Global Glance: What to watch from the Federal Reserve; Uber sheds officials, makes more major changes

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Here are today’s top business headlines from across the nation and world:

3 things to watch from the Federal Reserve on Wednesday

WASHINGTON (AP) — There isn’t much suspense about what the Fed will announce when its latest policy meeting ends Wednesday: That it’s raising its key short-term interest rate for the third time in six months. The job market – with unemployment at a 16-year low of 4.3 percent – has improved to such an extent that the Fed is thought to feel it’s time to modestly raise its benchmark rate again. The move, to a still-low range of 1 percent to 1.25 percent, will likely lead to somewhat higher rates on some consumer and business loans. But beyond the announcement of another rate hike, anticipation surrounds the possibility that the Fed could signal policy shifts in a statement it will issue, in updated economic forecasts and in a news conference with Chair Janet Yellen. Read more

Uber sheds officials, faces more major changes

SAN FRANCISCO (AP) — Freewheeling Uber faces major change. Its board is cracking down, its founder and CEO is stepping away indefinitely, and the company itself is coming to grips with measures intended to reform its toxic culture and aggressive business practices. And it all started when Susan Fowler, a former Uber engineer, posted a personal essay in February that detailed the company’s toleration of sexual harassment and discrimination. Had she not come forward in such a public manner, it’s possible none of this would have happened. Read more

IMF urges China to speed up action on mounting debt

BEIJING (AP) — The International Monetary Fund has urged China to speed up reforms meant to slow surging growth of debt that is fueling concern about the stability of its financial system. The IMF’s first deputy managing director, David Lipton, said Tuesday after meeting Chinese officials the reform process must accelerate to avoid a “sharp adjustment” in the slowing economy. China faces mounting warnings that its rapidly rising debt load since the 2008 financial crisis could depress economic growth or threaten the health of banks. The Moody’s ratings agency cut China’s credit rating on May 25, citing rising debt risks. Read more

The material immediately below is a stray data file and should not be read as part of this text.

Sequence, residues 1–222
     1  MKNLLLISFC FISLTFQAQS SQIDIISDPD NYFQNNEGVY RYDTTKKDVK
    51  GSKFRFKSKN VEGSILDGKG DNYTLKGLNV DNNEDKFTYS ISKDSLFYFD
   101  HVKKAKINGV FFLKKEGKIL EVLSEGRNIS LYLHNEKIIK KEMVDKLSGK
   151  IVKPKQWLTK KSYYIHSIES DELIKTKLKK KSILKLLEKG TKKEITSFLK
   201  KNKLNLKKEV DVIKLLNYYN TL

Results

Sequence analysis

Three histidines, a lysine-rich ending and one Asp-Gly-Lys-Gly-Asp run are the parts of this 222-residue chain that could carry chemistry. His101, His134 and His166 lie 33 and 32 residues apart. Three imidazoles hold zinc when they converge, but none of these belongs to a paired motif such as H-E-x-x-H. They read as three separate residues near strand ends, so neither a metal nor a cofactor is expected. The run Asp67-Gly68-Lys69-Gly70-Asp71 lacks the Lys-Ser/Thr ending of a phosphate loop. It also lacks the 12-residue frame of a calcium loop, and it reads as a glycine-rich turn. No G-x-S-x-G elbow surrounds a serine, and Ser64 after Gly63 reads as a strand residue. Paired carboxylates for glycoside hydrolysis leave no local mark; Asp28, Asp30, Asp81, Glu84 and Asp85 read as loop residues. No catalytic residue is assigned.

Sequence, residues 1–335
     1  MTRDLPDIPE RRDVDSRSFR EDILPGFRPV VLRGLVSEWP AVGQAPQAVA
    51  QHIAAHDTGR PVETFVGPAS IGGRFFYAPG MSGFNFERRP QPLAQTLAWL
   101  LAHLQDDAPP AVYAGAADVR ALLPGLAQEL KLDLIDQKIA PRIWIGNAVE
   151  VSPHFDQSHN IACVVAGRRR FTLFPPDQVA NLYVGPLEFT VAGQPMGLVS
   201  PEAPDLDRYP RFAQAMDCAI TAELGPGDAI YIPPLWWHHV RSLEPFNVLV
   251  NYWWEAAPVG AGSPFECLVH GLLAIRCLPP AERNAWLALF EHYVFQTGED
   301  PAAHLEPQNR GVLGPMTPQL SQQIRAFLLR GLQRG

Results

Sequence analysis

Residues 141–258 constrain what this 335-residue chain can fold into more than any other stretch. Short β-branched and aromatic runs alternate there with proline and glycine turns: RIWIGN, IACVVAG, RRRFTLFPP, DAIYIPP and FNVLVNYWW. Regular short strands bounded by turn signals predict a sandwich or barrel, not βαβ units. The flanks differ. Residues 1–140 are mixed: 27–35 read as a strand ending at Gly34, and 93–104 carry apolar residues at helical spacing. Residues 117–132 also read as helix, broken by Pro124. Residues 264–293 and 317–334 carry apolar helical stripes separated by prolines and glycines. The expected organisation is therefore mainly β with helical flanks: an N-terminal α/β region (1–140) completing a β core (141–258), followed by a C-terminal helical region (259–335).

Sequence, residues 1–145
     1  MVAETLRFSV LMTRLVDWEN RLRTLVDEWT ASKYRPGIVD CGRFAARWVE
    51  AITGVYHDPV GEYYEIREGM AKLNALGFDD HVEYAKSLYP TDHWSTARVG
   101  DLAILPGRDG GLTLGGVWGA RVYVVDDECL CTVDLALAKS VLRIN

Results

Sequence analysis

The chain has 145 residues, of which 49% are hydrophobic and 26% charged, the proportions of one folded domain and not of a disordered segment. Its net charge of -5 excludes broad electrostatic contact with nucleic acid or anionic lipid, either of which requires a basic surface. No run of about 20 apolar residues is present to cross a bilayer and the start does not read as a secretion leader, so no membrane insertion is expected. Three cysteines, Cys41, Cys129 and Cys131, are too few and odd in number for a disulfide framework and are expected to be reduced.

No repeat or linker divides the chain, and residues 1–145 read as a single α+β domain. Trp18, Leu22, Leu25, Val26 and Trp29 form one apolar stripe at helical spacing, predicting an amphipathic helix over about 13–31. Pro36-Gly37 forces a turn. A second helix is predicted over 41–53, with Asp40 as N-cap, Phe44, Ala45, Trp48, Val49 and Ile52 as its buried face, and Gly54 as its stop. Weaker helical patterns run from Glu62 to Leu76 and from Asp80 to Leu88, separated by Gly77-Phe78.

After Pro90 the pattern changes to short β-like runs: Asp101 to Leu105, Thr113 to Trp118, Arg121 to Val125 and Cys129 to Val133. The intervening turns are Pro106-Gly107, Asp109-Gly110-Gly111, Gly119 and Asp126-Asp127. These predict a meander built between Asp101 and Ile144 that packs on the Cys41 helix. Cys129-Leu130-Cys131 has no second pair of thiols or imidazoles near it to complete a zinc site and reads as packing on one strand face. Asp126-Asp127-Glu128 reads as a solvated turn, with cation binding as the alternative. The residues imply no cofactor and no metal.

Verizon takes over Yahoo to complete $4.5 billion deal

SAN FRANCISCO (AP) — Verizon has taken over Yahoo, completing a $4.5 billion deal that will usher in a new management team to attempt to wring more advertising revenue from one of the internet’s best-known brands. Tuesday’s closure of the sale ends Yahoo’s 21-year history as a publicly traded company. It also ends the nearly five-year reign of Yahoo CEO Marissa Mayer, who isn’t joining Verizon. She will walk away from Yahoo with a compensation package currently worth about $125 million. Yahoo’s email and other digital services such as sports, finance and news will be run by Tim Armstrong, who has been running AOL since Verizon bought that company for $4.4 billion two years ago. Read more

US oil production seen thwarting OPEC efforts to boost prices

PARIS (AP) — OPEC’s plan to cut production and support prices is likely to be undone by increased output in the U.S., the International Energy Agency predicted Wednesday. If correct, that could keep a lid on oil and energy prices as a glut of supply grows despite the efforts of countries in the OPEC cartel and allies like Russia to limit production. Read more


UK election throws up wider array of Brexit alternatives

LONDON (AP) — Prime Minister Theresa May had hoped the election would provide more certainty to Britain’s exit from the European Union. Her failure to even retain a majority has delivered anything but, throwing up an even wider array of Brexit scenarios. One analysis of the vote’s outcome points to a “softer” Brexit, one that leaves Britain with some degree of privileged trade access to the EU’s massive, tariff-less single market. A diminished Conservative Party had been threatening to break away completely from the EU’s single market, but could now have to compromise. Read more

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